The contagion of crime is like that of the plague. Criminals collected together corrupt each other; they are worse than ever when at the termination of their punishment they re-enter society.
A country is in a bad state, which is governed only by laws; because a thousand things occur for which laws cannot provide, and where authority ought to interpose.
Money will determine whether the accused goes to prison or walks out of the courtroom a free man.
If two people fight on the street, whose fault is it? Who is the criminal? It is the government’s responsibility because the government has not educated the people to not make mistakes. The people have inadequate, incompetent education, so they make mistakes! It is such a fraud.
The degree of civilization in a society can be judged by entering its prisons.
It is better that ten guilty persons escape, than that one innocent suffer.
Law is merely the expression of the will of the strongest for the time being, and therefore laws have no fixity, but shift from generation to generation.
By noiselessly going to a prison a civil-resister ensures a calm atmosphere.
I am an expert of electricity. My father occupied the chair of applied electricity at the state prison.
If it's near dinner-time, the foreman takes out his watch when the jury has retired, and says: "Dear me, gentlemen, ten minutes to five, I declare! I dine at five, gentlemen." "So do I," says everybody else, except two men who ought to have dined at three and seem more than half disposed to stand out in consequence. The foreman smiles, and puts up his watch:--"Well, gentlemen, what do we say, plaintiff or defendant, gentlemen?
The difference between tax avoidance and tax evasion is the thickness of a prison walls.
It was only when I lay there on the rotting prison straw that I sensed within myself the first stirrings of good. Gradually it was disclosed to me that the line separating good and evil passes not between states nor between social classes nor between political parties, but right through every human heart, through all human hearts. And that is why I turn back to the years of my imprisonment and say, sometimes to the astonishment of those about me, bless you, prison, for having been a part of my life.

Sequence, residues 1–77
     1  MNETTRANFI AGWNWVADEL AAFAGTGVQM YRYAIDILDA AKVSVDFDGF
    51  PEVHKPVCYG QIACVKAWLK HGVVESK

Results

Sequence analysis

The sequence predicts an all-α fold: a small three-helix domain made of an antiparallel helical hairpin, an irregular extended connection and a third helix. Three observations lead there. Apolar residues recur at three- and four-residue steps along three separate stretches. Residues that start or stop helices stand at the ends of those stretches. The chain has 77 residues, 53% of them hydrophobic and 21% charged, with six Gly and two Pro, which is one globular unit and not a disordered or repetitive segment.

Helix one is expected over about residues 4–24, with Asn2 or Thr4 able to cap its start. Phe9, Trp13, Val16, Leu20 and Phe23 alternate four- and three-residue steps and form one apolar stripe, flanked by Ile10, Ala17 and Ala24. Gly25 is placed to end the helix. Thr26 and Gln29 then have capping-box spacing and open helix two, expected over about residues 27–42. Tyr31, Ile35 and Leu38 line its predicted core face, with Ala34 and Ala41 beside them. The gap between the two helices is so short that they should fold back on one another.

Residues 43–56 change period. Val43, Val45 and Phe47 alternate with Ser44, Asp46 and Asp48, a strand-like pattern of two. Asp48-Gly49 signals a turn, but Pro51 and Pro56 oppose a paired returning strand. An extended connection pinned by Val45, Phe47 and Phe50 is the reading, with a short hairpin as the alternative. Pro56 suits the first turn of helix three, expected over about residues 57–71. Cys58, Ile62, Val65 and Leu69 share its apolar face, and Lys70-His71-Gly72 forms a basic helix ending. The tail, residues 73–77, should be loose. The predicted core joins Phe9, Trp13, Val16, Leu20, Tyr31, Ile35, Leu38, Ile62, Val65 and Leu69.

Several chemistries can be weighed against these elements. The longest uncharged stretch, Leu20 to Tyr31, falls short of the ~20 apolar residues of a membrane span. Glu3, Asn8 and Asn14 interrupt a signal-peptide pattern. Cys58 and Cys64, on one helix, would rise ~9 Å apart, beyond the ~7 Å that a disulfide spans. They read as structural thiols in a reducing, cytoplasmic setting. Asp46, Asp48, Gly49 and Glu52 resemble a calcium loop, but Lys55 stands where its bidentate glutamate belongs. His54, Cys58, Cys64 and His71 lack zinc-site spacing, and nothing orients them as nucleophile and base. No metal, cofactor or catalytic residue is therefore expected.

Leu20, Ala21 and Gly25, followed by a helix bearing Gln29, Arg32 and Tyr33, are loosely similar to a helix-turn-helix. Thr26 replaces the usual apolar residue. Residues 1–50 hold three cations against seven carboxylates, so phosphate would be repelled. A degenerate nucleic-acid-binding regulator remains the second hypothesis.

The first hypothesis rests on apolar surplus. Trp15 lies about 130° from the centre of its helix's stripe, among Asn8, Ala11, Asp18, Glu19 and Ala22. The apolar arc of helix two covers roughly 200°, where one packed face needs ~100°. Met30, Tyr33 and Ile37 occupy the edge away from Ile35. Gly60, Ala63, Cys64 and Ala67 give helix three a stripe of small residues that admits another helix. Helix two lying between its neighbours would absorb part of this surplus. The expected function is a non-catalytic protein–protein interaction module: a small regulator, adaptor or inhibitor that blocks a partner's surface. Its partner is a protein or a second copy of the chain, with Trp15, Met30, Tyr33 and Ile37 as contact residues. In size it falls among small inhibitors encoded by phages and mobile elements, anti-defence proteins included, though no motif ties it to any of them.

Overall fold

Women now have choices. They can be married, not married, have a job, not have a job, be married with children, unmarried with children. Men have the same choice we've always had: work, or prison.
Probably the only place where a man can feel really secure is in a maximum security prison, except for the imminent threat of release.
I asked a man in prison once how he happened to be there and he said he had stolen a pair of shoes. I told him if he had stolen a railroad he would be a United States Senator.
Wicked deeds are generally done, even with impunity, for the mere desire of occupation.
I never told a victim story about my imprisonment. Instead, I told a transformation story - about how prison changed my outlook, about how I saw that communication, truth, and trust are at the heart of power.
Here the great art lies, to discern in what the law is to be to restraint and punishment, and in what things persuasion only is to work.
Nor stony tower, nor walls of beaten brass, Nor airless dungeon, nor strong links of iron, Can be retentive to the strength of spirit; But life, being weary of these worldly bars, Never lacks power to dismiss itself.
Crimes lead one into another; they who are capable of being forgers are capable of being incendiaries.
He had drawn many a thousand of these rations in prisons and camps, and though he'd never had an opportunity to weight them on scales, and although, being a man of timid nature, he knew no way of standing up for his rights, he, like every other prisoner, had discovered long ago that honest weight was never to be found in the bread-cutting. There was short weight in every ration. The only point was how short. So every day you took a look to soothe your soul - today, maybe, they haven't snitched any.